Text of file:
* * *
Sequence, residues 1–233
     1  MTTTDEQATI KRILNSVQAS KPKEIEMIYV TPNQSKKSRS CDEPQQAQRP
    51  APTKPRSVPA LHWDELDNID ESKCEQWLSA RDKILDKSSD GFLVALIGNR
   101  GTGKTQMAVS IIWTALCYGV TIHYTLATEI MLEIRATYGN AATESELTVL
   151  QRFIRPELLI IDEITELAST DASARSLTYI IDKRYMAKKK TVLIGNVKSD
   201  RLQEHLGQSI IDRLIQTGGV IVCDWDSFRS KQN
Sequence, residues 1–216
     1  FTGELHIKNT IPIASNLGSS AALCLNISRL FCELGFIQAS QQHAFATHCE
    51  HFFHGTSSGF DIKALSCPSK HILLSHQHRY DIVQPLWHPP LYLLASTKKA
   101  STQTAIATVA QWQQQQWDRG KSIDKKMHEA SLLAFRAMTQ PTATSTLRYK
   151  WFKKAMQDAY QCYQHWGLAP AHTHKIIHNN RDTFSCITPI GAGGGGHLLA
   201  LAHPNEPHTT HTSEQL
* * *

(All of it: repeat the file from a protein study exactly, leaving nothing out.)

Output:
Sequence, residues 1–233
     1  MTTTDEQATI KRILNSVQAS KPKEIEMIYV TPNQSKKSRS CDEPQQAQRP
    51  APTKPRSVPA LHWDELDNID ESKCEQWLSA RDKILDKSSD GFLVALIGNR
   101  GTGKTQMAVS IIWTALCYGV TIHYTLATEI MLEIRATYGN AATESELTVL
   151  QRFIRPELLI IDEITELAST DASARSLTYI IDKRYMAKKK TVLIGNVKSD
   201  RLQEHLGQSI IDRLIQTGGV IVCDWDSFRS KQN
Sequence, residues 1–216
     1  FTGELHIKNT IPIASNLGSS AALCLNISRL FCELGFIQAS QQHAFATHCE
    51  HFFHGTSSGF DIKALSCPSK HILLSHQHRY DIVQPLWHPP LYLLASTKKA
   101  STQTAIATVA QWQQQQWDRG KSIDKKMHEA SLLAFRAMTQ PTATSTLRYK
   151  WFKKAMQDAY QCYQHWGLAP AHTHKIIHNN RDTFSCITPI GAGGGGHLLA
   201  LAHPNEPHTT HTSEQL